We moved in before
the rebound, when the homes
we’re still cheap. Had our pick
of the vacants, Ghosts canvased
the neighborhood until we
gentrified the departed, I would
say our hood carelessly, none us
wanted for much, out loud. It’s so brown
here, my mother would say.
Everyone had kids, and then so
did we. We fought over who
had the greenest lawn, removed
our shirts during July swelters.
Our daughter met the twins up the block.
Then the other black girls who were
a year ahead. The neighbors would walk their
dogs, carrying blue grocery bags, stopped
to let our little electron girl pet them.
When the fall came again, we saw the couple
across the street rake their leaves, so then
we combed our lawn, and the folks next
to us followed. And God said it was
good. The woman two houses down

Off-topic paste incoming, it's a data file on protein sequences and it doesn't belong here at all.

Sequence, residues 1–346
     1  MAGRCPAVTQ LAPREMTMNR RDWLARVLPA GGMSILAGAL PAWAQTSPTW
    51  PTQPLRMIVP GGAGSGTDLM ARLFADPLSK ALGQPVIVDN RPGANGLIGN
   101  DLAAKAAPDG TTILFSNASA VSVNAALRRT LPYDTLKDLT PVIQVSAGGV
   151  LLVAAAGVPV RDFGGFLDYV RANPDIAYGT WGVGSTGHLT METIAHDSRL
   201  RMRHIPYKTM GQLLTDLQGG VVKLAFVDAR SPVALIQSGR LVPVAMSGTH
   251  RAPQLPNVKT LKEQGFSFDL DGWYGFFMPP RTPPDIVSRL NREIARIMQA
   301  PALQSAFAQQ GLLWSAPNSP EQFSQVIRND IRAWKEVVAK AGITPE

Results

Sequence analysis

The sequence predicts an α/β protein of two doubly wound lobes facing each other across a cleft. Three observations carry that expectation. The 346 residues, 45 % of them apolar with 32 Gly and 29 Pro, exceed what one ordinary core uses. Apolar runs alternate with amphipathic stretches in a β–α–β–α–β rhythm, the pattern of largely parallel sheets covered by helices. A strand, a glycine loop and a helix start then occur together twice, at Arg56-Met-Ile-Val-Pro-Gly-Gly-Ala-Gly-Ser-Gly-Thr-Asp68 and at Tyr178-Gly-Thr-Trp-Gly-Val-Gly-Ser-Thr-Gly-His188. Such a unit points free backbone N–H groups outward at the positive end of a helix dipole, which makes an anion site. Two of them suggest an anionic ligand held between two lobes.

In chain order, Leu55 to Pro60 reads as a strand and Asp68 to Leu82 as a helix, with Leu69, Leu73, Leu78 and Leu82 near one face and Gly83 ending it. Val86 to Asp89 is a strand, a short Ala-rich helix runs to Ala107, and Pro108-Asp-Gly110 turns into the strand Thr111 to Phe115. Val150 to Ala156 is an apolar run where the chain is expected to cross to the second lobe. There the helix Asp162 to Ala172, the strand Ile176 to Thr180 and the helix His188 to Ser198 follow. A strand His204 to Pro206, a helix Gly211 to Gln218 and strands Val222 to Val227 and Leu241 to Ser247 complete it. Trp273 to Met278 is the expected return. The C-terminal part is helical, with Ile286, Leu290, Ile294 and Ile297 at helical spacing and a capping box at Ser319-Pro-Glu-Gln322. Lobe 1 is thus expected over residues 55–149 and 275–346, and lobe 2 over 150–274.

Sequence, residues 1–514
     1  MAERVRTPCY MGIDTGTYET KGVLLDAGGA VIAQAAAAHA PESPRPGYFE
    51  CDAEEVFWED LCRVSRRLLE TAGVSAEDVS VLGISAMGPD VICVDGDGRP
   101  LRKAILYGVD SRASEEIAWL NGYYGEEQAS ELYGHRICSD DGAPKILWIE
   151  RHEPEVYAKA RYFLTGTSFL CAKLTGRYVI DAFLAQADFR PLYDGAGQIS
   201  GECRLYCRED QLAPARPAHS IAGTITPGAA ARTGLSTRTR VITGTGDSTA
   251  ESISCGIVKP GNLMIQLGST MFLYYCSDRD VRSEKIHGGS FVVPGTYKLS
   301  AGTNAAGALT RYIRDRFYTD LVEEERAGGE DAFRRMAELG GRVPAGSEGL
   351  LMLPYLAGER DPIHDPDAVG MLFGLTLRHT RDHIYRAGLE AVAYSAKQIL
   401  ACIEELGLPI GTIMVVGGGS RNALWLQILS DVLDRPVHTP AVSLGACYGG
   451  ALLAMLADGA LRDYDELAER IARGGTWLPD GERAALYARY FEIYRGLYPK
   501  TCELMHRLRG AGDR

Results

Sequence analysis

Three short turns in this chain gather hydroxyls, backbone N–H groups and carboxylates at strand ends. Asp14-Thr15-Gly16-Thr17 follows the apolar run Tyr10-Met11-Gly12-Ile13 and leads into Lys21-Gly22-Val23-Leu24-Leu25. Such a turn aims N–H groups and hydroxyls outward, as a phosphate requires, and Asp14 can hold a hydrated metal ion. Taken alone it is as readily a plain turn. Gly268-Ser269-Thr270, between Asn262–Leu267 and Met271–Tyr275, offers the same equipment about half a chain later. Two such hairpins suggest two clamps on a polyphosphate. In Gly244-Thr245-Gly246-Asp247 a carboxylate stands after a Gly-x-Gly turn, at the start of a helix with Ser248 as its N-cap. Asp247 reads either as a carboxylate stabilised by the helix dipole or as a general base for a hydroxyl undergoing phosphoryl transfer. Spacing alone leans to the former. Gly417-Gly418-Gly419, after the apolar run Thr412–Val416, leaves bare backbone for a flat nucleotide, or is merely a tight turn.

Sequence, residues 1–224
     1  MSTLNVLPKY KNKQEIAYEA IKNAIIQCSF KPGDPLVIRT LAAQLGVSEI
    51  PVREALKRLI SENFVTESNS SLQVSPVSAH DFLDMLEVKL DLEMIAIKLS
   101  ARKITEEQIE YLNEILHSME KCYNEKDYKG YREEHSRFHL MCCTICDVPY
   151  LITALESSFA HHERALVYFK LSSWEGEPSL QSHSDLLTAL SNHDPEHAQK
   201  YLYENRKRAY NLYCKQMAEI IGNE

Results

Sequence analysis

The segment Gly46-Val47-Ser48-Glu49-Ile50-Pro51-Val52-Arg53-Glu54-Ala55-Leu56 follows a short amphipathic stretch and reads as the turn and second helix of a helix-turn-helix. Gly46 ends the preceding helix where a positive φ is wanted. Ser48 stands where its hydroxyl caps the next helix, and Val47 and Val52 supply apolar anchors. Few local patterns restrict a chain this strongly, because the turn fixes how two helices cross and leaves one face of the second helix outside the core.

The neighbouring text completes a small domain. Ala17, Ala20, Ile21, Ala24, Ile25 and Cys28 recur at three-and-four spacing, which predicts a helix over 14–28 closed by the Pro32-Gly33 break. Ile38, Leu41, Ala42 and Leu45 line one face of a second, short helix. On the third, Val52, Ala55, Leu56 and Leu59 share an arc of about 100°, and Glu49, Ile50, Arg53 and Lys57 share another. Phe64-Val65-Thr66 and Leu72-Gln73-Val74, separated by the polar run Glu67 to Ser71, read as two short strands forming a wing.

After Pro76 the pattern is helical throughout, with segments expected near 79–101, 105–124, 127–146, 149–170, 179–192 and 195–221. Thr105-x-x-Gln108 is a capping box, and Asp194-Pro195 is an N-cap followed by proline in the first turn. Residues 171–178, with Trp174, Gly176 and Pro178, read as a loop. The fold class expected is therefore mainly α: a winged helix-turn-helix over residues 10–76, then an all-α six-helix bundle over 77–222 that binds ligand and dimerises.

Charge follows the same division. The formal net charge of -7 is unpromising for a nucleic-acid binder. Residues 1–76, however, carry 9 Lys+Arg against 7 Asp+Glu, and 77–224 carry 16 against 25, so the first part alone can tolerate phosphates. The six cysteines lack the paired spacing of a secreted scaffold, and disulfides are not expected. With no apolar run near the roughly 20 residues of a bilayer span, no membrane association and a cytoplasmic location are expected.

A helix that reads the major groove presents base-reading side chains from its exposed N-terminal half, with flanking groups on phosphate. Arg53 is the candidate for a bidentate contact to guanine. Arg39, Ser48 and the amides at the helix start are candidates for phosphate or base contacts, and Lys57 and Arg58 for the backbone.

argued with a new boyfriend,
and someone new must have called the cops.
The lights stained our windows. I had
forgotten the last time I was threatened.
Naïve boy in my house of straw. I had
forgotten the last time I was called
something I no longer was. Was called
something I never was. Another cruiser
entered the night, and then they took
everyone out of the house. In the spring
the house was still haunted. The city
planted trees in front of most of the homes.
Ours died because we never watered it.
We didn’t know who it really belonged to.